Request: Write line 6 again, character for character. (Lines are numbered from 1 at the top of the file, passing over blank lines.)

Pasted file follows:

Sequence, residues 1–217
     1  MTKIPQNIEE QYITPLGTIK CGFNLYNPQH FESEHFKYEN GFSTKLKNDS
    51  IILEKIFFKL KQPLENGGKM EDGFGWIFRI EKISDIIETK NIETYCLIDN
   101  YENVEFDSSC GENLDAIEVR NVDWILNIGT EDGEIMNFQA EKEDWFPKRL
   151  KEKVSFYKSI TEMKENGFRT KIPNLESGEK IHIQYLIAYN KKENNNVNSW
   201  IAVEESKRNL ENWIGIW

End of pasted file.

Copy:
   201  IAVEESKRNL ENWIGIW